Min engelsklärare sa till mig att jag är mycket bättre muntligt än skriftligt (vilket är så roligt, för jag har alltid varit så fruktansvärt dålig på att verkligen prata engelska), så jag tänkte att jag skulle försöka skriva lite saker på engelska ibland. För att när jag väl ska göra våra skrivuppgifter får jag aldrig in något flyt och jag känner mig som en språklig idiot.
Jag började på en novell som jag tänkte lämna in tror jag. Men det går inget bra. Eller så är det jag som hånskrattar åt allt jag skriver nuförtiden, jag vet faktiskt inte.
Family life (very very not finished at all, so have mercy)
There are three things I remember about my family. My mother, watching TV and getting fat. My father, masturbating to wet sex porn at 4 o’clock in the morning, thinking nobody was awake, and my sister, smoking at the rear end of the school, telling me that if I ever told mum and dad, she would kill me. Putting a burning cigarett to my skin, as if to further hint how capable she was of hurting me. Funny, since telling them would never had made any difference. They wouldn’t have believed my, and they wouldn’t have cared. But I still have marks on my arms from her freaking cigarettes; whenever I feel lonely, I look at them and think: it could have been a lot worse. Close my eyes and think: I could have been her. I suppose it feels pretty good I’m not.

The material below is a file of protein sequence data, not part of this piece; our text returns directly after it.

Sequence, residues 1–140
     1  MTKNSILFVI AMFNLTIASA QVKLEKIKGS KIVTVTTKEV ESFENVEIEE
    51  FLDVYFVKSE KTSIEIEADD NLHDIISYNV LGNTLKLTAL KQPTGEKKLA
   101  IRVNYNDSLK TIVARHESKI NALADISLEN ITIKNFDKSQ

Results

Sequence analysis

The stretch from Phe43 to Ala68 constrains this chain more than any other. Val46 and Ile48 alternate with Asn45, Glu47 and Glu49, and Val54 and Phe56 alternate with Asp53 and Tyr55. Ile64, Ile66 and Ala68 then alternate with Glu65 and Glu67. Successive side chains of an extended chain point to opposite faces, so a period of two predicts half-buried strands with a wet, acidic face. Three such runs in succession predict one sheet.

We used to live in a yellow brick house. That was awesome. I always enjoyed the colour yellow; I always enjoyed brick houses. Furthermore, it’s harder to burn down brick houses than those made of wood. That was important. At night, I used to lay awake and think of all dangerous things that could happen to as all. Kill us in an instant. Living in a brick house, I could at least assume we wouldn’t die in a fire. Kind of reassuring.
This, I told Charlie the first time I brought her to my house. All of this, in the way I always told Charlie all the things she never wanted to hear. All the things I never even wanted to tell her. I’ve heard, I’ve heard that some people call that love, but I think that’s a freaking lie. I never loved Charlie. She was only a little better than the great void that was my life, and I found that good. And, yes, I thought her collarbones were close to perfection. But, I mean, she had crooked teeth. Of course I weren’t in love with her.
•- It’s good, I said to Charlie that day when we were standing outside the house and I was almost beginning to regret that I ever brought her here because the situation suddenly seemed to unfamiliar for me and my stomach was panicly aching. It’s good, you know, living in a brick house. Like an assurance. You know you won’t die in a fire, at least.
Charlie, oh Charlie, she laughed. Her emaciated little body, trembling. Her smile, now you could see her crooked teeth all too well. I looked away, in pure politeness.
•- That’s fucking bullshit, darling, and you know it, she said.
I nodded, smiled and believed her.
Looking back, it seems I always did.